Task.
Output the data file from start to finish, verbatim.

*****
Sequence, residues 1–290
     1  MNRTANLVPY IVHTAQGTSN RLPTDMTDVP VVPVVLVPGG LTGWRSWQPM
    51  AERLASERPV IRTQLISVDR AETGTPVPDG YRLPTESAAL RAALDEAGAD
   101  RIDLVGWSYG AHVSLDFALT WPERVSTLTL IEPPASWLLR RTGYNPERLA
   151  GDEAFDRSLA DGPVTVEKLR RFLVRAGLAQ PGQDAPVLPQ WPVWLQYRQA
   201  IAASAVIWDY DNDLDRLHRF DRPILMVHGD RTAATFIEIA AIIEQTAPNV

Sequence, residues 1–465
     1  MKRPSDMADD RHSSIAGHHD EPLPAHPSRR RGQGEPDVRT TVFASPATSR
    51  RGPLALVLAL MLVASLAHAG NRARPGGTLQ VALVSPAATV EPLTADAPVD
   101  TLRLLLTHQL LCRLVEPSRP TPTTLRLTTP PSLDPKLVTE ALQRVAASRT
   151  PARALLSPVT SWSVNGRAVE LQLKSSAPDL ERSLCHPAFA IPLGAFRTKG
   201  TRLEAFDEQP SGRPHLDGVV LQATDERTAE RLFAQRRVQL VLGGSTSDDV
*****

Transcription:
Sequence, residues 1–290
     1  MNRTANLVPY IVHTAQGTSN RLPTDMTDVP VVPVVLVPGG LTGWRSWQPM
    51  AERLASERPV IRTQLISVDR AETGTPVPDG YRLPTESAAL RAALDEAGAD
   101  RIDLVGWSYG AHVSLDFALT WPERVSTLTL IEPPASWLLR RTGYNPERLA
   151  GDEAFDRSLA DGPVTVEKLR RFLVRAGLAQ PGQDAPVLPQ WPVWLQYRQA
   201  IAASAVIWDY DNDLDRLHRF DRPILMVHGD RTAATFIEIA AIIEQTAPNV

Sequence, residues 1–465
     1  MKRPSDMADD RHSSIAGHHD EPLPAHPSRR RGQGEPDVRT TVFASPATSR
    51  RGPLALVLAL MLVASLAHAG NRARPGGTLQ VALVSPAATV EPLTADAPVD
   101  TLRLLLTHQL LCRLVEPSRP TPTTLRLTTP PSLDPKLVTE ALQRVAASRT
   151  PARALLSPVT SWSVNGRAVE LQLKSSAPDL ERSLCHPAFA IPLGAFRTKG
   201  TRLEAFDEQP SGRPHLDGVV LQATDERTAE RLFAQRRVQL VLGGSTSDDV